Published: February 1, 2022

Spotlight: Humanitarian Efforts

I am a family nurse practitioner working in pediatric otolaryngology at Stanford Children’s Health in Palo Alto, California.

Human 01H. Charlie Lin, MSN, APRN, NP-C, CNOR, CNAMB, RNFA, FCN

Nurse Practitioner, Division of Pediatric Otolaryngology, Lucile Packard Children's Hospital / Stanford Children's Health
Clinical Assistant Professor of Medicine, Master of Science in PA Studies Program, Stanford School of Medicine
Adjunct Faculty, Delaware County Community College - RN First Assistant Program
AHA BLS & ACLS Instructor

Tell us a little about yourself.

I am a family nurse practitioner working in pediatric otolaryngology at Stanford Children’s Health in Palo Alto, California. My clinical interests include pediatric airway, microtia reconstruction, as well as chemosensory dysfunction. I received my bachelor’s and master’s degrees in nursing from West Texas A&M University in Canyon, Texas. Additionally, I completed my RN first assistant certificate at Delaware County Community College in Media, Pennsylvania.

I worked for years as a nurse in emergency departments and operating rooms (ORs) at several facilities in North Dallas, Texas, before completing my nurse practitioner program. It was in the OR that I discovered my passion for otolaryngology under the guidance of Lav A. Kapadia, MD, of Ear, Nose and Throat Associates of Texas. In search of a position within our wonderful specialty, I began my career in ENT after being trained by the excellent ENTs at UConn John Dempsey Hospital in Farmington, Connecticut. For many years now, I have had the privilege to serve as a OR nurse leader with LEAP Global Missions, a nonprofit organization based in Dallas, Texas.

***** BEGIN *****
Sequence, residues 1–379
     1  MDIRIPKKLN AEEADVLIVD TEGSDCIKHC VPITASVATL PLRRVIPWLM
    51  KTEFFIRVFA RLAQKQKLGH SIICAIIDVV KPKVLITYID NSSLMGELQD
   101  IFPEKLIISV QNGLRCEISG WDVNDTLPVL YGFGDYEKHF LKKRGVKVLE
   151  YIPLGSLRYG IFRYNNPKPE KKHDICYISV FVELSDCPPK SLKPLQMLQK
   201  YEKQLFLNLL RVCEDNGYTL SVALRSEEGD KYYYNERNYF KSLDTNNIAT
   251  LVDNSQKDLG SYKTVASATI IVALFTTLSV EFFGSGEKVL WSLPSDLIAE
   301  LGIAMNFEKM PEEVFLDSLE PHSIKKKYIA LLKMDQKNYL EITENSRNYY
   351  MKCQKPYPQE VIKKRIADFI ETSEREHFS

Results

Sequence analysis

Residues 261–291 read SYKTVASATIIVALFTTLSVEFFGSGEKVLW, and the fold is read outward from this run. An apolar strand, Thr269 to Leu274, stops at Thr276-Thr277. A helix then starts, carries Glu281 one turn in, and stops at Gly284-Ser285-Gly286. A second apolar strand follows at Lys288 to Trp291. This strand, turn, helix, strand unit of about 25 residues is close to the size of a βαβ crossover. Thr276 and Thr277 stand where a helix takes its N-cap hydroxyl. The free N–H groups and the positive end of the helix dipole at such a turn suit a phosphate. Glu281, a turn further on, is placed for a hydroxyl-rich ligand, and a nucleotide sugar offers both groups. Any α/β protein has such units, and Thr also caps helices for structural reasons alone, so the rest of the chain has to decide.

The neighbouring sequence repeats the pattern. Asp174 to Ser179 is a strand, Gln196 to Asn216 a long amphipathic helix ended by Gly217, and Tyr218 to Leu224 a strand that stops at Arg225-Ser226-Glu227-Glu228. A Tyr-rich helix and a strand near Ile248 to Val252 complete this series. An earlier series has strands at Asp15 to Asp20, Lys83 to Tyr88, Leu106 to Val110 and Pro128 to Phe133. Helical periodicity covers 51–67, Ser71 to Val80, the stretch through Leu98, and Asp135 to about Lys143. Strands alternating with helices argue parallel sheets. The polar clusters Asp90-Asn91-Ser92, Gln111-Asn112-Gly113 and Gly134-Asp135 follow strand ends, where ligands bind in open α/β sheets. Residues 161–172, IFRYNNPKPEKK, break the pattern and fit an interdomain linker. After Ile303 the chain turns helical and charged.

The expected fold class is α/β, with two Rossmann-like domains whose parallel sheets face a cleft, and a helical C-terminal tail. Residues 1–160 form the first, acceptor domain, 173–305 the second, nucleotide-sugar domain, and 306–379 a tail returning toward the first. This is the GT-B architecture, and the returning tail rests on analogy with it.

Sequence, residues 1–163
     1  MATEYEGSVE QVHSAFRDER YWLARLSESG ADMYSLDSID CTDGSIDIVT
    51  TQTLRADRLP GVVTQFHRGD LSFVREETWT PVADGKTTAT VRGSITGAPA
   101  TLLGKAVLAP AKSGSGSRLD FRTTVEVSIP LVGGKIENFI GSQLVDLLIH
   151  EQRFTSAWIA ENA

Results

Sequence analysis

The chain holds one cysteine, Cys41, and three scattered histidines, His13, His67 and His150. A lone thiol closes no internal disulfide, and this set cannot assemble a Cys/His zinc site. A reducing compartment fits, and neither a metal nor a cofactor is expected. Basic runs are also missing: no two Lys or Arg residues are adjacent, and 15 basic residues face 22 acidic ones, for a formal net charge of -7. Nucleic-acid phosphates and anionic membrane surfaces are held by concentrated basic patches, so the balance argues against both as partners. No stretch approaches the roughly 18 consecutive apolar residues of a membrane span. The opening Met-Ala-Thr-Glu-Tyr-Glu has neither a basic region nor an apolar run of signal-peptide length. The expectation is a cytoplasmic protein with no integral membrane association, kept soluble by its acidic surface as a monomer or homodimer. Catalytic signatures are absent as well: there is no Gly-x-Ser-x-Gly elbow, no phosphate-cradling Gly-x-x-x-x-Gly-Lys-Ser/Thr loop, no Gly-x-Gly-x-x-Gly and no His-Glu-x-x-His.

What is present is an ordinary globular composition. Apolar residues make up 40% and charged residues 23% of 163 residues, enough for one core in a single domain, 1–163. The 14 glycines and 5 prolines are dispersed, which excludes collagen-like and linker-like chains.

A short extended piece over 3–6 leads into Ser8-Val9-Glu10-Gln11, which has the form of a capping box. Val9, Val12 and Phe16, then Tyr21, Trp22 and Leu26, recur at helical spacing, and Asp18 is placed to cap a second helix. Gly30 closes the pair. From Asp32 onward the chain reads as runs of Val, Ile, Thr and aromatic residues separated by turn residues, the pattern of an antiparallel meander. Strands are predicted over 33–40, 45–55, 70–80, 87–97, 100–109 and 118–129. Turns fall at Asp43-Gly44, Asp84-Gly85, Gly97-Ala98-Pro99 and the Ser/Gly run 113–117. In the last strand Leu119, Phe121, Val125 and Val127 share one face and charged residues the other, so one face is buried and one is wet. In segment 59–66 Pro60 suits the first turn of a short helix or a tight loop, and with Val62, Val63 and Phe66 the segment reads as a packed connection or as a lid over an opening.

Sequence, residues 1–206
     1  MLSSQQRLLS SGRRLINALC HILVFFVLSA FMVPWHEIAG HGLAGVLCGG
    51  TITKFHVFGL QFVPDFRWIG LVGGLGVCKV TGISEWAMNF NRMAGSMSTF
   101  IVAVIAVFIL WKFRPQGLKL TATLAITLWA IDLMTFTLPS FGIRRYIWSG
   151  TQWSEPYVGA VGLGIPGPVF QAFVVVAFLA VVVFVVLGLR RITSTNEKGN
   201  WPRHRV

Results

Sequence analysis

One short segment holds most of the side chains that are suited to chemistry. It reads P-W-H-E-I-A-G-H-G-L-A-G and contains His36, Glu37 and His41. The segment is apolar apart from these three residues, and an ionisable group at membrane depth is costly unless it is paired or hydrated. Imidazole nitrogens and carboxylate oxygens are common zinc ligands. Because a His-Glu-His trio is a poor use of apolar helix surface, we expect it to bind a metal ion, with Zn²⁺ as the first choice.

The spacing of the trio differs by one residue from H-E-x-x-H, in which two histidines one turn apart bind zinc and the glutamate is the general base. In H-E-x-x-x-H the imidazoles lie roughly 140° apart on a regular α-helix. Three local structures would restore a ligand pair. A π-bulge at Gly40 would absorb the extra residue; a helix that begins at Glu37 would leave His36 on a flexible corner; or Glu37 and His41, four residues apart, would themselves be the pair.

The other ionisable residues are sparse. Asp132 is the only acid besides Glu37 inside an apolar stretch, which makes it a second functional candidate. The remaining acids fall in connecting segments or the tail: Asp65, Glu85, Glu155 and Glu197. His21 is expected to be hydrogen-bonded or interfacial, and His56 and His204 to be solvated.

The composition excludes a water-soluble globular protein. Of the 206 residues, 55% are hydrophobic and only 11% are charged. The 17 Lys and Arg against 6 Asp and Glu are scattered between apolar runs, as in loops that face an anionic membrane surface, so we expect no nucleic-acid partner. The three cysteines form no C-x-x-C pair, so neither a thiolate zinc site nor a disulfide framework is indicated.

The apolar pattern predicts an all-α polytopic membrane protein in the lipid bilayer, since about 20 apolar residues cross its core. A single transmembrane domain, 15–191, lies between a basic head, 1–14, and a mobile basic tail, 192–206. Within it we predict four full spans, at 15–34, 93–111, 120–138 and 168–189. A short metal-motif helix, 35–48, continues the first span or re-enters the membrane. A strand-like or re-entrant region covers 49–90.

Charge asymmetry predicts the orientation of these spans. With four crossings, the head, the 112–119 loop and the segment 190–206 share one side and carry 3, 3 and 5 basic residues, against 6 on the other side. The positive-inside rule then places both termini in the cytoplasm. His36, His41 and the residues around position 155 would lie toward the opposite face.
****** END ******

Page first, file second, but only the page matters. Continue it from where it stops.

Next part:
Human 02Describe the humanitarian missions you are involved in.

I have been involved in humanitarian missions for 10 years, having gone on more than 25 trips to Central and South America, the Caribbean, and Asia. From craniofacial/plastics, general surgery, and ophthalmology to urology and ENT, I have had the privilege to serve as an OR nurse leader with LEAP Global Missions, a nonprofit organization based in Dallas, Texas, and in the roles of team or mission leader, circulator, surgical assist, and recovery nurse.

Our patients come from orphanages and families with insufficient financial resources or lack local access to operative procedures. Our trips range from four days to two weeks, depending on the country we travel to. We work with local contacts or agencies to spread the word of what services we offer and enjoy seeing the progress of our patients on subsequent trips. Many of our patients go on to tell their stories of how their procedures have impacted their lives and then share their families with us.

A few years ago, I was asked to help develop our newest mission to Zihuantanejo, Mexico, where we perform microtia reconstructions. This mission is especially meaningful as we get to see these patients at each stage of the procedure grow in personality and confidence. After the mission is complete, I stay behind to see these patients in my post-op clinic before returning to the States.